“At a time when job growth is needed most, California high-speed rail is putting thousands to work in good paying labour jobs in the Central Valley and making tremendous progress on construction of the nation’s first high-speed rail,” says California governor, Mr Gavin Newsom. “Our goal is to get fast, electrified trains up and running in the Central Valley as soon as possible while leveraging other sources of funding to advance important, clean rail and transit work state-wide. We’re confident that our federal partners in the Biden administration share our vision for electrified rail - we look forward to working with them to get it done.” 

“America has a chance to lead the world once more through innovation in infrastructure - connecting our communities, creating good jobs, addressing climate change and ensuring equity,” acting FRA administrator, Mr Amit Bose, said in a statement following the release of the plan. “Passenger rail development, including world-class high-speed rail, can and must be a part of our strategy to accomplish these goals. As in many other arenas, California has taken the lead nationally to advance high-speed rail, starting an economically transformative project in the Central Valley and assuming the challenges that come with that leadership. The US Department of Transportation looks forward to partnering with California as it leads the way to build back better.”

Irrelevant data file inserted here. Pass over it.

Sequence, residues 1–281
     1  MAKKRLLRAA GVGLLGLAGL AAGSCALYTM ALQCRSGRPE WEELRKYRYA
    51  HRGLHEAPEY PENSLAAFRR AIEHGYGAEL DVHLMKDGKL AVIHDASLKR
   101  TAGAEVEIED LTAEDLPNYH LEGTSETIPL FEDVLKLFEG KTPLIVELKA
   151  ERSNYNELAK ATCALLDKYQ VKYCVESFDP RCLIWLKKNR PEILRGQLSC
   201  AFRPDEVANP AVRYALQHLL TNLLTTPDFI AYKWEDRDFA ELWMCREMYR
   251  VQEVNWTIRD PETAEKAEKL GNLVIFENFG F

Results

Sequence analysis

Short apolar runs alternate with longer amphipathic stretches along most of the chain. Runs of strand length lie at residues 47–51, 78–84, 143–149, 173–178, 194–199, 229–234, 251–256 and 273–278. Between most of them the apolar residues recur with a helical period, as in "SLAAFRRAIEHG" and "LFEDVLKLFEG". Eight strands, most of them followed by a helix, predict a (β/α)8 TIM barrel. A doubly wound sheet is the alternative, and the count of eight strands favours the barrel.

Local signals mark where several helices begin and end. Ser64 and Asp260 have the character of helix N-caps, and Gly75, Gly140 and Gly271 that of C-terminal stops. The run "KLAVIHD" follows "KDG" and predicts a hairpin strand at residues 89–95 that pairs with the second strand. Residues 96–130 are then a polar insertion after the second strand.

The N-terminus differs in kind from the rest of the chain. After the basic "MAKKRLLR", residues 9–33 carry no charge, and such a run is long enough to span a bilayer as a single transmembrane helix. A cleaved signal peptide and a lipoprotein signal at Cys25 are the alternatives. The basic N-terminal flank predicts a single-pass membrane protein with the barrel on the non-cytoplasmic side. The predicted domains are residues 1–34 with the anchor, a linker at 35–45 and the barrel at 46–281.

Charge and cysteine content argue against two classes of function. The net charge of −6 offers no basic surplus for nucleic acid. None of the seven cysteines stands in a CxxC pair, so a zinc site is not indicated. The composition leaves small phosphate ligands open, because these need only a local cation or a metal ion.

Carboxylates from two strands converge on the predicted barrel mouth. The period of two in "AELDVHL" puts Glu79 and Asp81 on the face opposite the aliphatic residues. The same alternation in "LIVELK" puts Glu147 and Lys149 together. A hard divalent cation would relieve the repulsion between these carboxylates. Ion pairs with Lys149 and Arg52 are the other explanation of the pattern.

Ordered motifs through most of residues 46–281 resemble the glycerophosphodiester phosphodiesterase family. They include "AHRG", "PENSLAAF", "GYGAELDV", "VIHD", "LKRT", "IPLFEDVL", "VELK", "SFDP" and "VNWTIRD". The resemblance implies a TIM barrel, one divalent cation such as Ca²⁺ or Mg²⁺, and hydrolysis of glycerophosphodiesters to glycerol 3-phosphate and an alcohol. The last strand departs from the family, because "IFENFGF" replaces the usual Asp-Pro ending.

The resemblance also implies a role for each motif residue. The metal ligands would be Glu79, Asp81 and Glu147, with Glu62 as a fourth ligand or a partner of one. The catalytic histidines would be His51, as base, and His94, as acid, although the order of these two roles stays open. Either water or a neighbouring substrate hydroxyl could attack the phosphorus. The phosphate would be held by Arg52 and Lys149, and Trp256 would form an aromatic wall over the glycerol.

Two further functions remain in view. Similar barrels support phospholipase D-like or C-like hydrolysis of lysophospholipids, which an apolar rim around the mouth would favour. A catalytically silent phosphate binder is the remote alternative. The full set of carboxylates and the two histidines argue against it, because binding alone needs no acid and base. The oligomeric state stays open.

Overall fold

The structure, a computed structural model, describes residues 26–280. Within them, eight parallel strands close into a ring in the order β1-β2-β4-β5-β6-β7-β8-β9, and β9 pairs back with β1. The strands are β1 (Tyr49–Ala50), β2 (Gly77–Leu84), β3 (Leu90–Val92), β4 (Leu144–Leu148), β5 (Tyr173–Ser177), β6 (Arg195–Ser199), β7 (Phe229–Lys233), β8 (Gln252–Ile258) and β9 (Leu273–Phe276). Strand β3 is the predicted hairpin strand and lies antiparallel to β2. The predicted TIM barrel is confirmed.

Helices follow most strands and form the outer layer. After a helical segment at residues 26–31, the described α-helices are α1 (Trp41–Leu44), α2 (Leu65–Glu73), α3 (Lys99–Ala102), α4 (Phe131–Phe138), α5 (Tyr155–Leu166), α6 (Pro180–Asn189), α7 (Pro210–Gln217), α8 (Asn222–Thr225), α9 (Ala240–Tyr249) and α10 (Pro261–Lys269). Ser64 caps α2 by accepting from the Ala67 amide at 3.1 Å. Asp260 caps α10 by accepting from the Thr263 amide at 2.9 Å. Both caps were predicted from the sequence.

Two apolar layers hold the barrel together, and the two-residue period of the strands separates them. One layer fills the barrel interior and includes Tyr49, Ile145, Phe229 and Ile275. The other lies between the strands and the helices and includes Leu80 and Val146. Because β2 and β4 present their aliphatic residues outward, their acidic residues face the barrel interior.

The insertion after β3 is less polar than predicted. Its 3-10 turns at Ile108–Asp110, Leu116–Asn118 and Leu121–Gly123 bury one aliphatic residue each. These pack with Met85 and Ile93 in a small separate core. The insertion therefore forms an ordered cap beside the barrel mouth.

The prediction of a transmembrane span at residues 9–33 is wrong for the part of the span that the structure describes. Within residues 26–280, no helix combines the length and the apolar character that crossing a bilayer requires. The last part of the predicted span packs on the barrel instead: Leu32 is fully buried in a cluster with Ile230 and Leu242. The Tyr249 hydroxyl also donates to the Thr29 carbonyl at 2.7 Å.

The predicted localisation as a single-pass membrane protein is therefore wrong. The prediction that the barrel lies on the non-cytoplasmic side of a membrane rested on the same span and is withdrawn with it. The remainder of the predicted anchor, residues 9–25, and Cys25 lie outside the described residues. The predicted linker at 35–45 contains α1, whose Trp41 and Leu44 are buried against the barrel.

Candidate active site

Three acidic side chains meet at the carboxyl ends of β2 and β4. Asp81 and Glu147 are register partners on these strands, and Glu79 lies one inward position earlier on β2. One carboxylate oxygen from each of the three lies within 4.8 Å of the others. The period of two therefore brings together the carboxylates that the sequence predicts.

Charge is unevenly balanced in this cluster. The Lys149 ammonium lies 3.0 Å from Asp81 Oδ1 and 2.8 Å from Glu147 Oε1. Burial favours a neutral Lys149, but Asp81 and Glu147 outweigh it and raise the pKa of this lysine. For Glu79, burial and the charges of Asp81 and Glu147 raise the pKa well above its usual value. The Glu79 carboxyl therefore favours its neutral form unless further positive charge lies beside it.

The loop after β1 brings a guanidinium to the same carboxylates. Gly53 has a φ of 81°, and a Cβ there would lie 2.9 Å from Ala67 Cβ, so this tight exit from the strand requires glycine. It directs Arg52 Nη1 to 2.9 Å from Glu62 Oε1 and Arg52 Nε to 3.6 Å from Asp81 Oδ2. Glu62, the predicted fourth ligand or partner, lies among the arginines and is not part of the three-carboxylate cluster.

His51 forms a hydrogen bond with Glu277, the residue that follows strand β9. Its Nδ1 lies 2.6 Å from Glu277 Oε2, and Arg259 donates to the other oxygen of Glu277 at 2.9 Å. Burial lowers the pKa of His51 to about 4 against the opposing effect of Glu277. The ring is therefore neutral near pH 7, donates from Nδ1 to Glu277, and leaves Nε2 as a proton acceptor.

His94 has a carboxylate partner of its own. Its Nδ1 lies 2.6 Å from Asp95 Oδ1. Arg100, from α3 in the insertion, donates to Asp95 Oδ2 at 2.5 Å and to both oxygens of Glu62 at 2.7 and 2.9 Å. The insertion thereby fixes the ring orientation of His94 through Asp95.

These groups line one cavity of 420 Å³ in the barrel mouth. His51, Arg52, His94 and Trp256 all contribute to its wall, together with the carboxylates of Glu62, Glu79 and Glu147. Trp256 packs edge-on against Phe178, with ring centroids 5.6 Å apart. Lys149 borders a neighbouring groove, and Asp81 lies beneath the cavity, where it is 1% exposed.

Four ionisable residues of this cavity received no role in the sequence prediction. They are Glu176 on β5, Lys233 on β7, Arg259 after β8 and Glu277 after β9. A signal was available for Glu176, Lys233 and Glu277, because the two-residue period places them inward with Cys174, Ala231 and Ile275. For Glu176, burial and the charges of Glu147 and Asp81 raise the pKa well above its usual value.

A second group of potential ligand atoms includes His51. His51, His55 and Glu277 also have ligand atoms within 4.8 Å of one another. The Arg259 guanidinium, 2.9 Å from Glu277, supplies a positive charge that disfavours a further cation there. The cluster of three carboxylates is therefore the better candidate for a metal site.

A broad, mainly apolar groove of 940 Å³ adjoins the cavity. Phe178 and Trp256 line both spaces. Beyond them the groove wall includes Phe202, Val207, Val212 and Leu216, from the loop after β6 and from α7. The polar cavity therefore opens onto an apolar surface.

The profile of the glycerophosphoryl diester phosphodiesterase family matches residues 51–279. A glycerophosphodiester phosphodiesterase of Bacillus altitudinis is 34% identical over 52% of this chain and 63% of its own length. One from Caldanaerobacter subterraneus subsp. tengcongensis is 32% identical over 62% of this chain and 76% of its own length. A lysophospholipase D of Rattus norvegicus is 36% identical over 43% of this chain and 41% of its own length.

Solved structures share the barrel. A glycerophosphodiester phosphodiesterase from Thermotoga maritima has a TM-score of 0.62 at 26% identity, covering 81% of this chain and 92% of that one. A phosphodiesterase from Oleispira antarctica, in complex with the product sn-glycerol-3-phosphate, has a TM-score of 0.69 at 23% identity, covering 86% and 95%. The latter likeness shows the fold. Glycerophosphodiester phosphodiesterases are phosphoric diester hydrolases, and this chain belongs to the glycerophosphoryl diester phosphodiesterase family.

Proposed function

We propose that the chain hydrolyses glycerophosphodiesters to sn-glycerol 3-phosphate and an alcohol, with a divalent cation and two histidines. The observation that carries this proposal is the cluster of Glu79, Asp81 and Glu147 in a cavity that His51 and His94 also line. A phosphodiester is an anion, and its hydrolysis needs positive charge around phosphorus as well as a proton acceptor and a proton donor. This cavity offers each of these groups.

High Speed Funding 

According to CHSRA, the California Administration “has communicated with the federal government on the need for flexibility on the American Recovery and Reinvestment Act (ARRA) grant agreement timelines and emphasised the importance of settling existing litigation to restore nearly $US 1bn in grant funding de-obligated by the Trump Administration.” 

This comes after former president, Mr Donald Trump, withdrew the funding in May 2019

CHSRA has two funding agreements with FRA, totalling approximately $US 3.5bn: ARRA and FY10. “These funds have been at risk since the FRA’s May 2019 letter terminating the FY10 grant agreement [of $US 929m],” the plan noted. FRA took “the position that the project had failed to make steady progress,” according to the plan. The State of California subsequently filed a legal suit to stop the action. 

The $US 2.5bn in ARRA funding was fully expended before the statutory deadline and in compliance with the FRA grant requirement, the plan says. “Having spent the federal funds, the Authority is now required to match those funds by the grant deadline of December 2022,” the plan noted. “We are nearing completion of that match - currently shown at 99.5% as of November 30 2020. We expect to attain the full match required for this grant by March 2021, 22 months ahead of the deadline. 

“Per the terms of the federal grant agreement, the FY10 funds, along with $US 360m of state matching funds, are scheduled to be the last funding required to complete the federal grant scope of work.” 

CHSRA has also secured funds from two state sources: Proposition 1A bond funds and Cap-and-Trade funds. 

The approved Proposition 1A provided $US 9.95bn for high-speed rail planning and construction. Of this, $US 9bn was allocated to CHSRA and $US 950m was allocated to local high-speed rail connectivity projects under the oversight of the California Transportation Commission.